How many times have I thought I knew something and when asked how it works or the basic concepts, was at a loss for the explanation? Unfortunately, too many times! Sometimes I feel I should know it and what I end up doing is explaining the same thing over again but with different words. It doesn't change the fact that I didn't know or only knew enough to discuss it shallowly.
I feel this was the case in "A Private Universe." I wonder if the fact that the first students interviewed were Harvard students was meant to shock viewers in some way. The reality is just because someone attended Harvard doesn't automatically grant them intellectual knowledge in all fields - any more than a child born in the 90's is automatically a genius with technology. Beyond that, it wasn't necessarily surprising that the Rindge and Latin students weren't able to "flesh" out seasonal shifts, the earth's rotation and moon phases correctly. My own particular bias is that I feel that when confronted by a "deficit," we are apt to fill it, especially if pressed for an answer.
If we're filling a deficit, how did we get the information? This is just pure speculation backed up by my own personal experience, with absolutely no empirical data... Now that I've issued that caveat, let's move on...
The Knowledge Building article discussed iterative idea improvement with the thought that students engaged in knowledge building will continue to explore and expand their thinking about topics over longer periods of time than just the span of a traditional unit. In a traditional class and school, however, students study topics over a set period of time and then move on to other topics. Many of the points made during those units that a student "learned" fall by the wayside but some remain, becoming vague over time. Discussions with others outside of class, perhaps at home with parents or siblings might add more detail. Books, even fictional ones, on that topic may add more information. None of these "sources" may be completely right or wrong but the information may be remembered, if somewhat altered. Is it possible that, years later, when asked about that particular topic, the student is able to pull all sorts of extraneous, half remembered facts together, piece it together, and present a viable theory? Chances are there will be a memory of studying something in class but the information that is now present may be the compilation of sources - spun with that individual's personal theory or bias.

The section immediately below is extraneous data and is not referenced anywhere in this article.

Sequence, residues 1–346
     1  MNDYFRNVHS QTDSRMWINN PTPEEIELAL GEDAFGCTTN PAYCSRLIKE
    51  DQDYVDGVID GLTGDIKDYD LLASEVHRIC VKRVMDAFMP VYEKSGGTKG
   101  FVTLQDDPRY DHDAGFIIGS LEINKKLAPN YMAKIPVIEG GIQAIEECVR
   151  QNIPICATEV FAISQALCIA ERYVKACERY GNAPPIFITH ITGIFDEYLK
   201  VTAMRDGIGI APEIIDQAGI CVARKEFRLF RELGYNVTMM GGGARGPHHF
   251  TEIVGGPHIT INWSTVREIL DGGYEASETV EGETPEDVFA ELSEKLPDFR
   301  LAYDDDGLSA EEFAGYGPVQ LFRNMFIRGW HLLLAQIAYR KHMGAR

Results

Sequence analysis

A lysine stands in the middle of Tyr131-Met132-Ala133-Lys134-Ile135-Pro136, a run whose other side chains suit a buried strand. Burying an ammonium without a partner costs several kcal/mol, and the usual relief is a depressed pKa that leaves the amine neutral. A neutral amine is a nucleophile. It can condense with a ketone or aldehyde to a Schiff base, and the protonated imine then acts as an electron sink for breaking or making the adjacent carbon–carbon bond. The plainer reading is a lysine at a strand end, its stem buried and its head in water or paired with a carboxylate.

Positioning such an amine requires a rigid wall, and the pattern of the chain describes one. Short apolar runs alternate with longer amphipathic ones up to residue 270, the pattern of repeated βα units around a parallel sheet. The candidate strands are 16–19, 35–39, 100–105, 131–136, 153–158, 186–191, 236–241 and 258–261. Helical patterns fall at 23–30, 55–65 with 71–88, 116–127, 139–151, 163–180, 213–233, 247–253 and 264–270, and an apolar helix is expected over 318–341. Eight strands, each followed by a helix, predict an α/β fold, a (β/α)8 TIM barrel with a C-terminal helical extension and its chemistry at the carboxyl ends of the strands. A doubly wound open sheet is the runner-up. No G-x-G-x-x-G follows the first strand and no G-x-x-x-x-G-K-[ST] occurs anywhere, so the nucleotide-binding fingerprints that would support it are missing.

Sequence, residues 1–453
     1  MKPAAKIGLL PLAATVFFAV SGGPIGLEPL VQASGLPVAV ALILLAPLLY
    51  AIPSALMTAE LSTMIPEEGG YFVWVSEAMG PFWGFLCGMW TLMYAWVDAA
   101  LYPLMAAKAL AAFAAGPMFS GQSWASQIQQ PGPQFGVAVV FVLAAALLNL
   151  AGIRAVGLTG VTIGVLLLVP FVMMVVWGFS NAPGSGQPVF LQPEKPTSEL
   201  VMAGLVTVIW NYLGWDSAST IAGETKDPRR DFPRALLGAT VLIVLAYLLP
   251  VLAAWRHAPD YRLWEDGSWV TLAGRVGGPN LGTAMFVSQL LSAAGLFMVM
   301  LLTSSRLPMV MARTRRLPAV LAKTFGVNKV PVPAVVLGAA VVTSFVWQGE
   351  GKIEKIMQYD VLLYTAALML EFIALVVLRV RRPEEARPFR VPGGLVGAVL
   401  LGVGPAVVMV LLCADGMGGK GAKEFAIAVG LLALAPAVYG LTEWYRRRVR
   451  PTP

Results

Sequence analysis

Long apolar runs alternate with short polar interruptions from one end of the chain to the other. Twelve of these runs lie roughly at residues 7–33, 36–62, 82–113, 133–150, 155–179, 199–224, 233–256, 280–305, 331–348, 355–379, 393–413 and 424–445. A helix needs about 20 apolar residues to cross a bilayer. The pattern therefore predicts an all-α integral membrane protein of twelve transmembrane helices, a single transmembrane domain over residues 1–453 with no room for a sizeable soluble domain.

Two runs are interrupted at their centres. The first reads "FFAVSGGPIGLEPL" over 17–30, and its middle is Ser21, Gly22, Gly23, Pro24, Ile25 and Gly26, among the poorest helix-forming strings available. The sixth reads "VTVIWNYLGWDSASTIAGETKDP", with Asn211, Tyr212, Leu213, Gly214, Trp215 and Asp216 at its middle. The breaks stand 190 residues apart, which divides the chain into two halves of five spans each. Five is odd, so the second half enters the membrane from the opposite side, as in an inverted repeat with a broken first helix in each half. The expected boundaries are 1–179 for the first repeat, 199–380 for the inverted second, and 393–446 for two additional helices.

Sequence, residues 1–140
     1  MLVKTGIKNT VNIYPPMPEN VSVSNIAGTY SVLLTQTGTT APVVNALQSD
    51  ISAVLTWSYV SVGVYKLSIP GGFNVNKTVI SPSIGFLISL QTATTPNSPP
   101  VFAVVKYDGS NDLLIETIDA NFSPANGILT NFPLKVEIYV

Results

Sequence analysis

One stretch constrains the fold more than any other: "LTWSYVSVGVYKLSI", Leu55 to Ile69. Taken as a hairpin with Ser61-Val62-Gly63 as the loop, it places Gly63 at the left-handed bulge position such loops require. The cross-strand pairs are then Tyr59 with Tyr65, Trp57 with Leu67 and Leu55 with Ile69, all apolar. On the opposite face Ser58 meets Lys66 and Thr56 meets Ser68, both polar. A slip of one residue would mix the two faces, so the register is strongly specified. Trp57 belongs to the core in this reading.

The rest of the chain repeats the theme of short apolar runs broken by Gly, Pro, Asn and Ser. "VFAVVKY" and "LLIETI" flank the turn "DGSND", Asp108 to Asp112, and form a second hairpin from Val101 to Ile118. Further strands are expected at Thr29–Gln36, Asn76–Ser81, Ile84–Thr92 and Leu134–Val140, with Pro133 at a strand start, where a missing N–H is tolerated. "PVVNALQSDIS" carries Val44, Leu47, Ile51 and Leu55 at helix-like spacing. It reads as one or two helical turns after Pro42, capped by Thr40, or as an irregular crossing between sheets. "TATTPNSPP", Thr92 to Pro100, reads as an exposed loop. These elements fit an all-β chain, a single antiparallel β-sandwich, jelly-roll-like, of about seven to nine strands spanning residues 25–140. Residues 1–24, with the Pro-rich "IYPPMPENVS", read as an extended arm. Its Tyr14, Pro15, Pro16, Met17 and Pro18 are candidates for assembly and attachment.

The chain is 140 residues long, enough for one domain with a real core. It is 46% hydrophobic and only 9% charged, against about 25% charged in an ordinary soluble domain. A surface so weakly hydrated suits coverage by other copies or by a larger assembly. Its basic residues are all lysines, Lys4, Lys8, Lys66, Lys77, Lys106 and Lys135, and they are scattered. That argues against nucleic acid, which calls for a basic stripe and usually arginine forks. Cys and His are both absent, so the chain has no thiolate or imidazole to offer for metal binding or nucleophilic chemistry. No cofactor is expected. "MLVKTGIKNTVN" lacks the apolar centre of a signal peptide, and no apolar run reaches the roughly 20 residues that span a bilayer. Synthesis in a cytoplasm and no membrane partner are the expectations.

The part that was startling in all of this was that the teacher was surprised. She seemed shocked at their theories and that they came in with incorrect knowledge. Considering the age of the student, it wasn't shocking at all. Once could be reasonably certain that the topic of the sun, the earth and the moon had come up in earlier grades.
Speculation like this makes it clear why I called this blog "Musings from Tis..."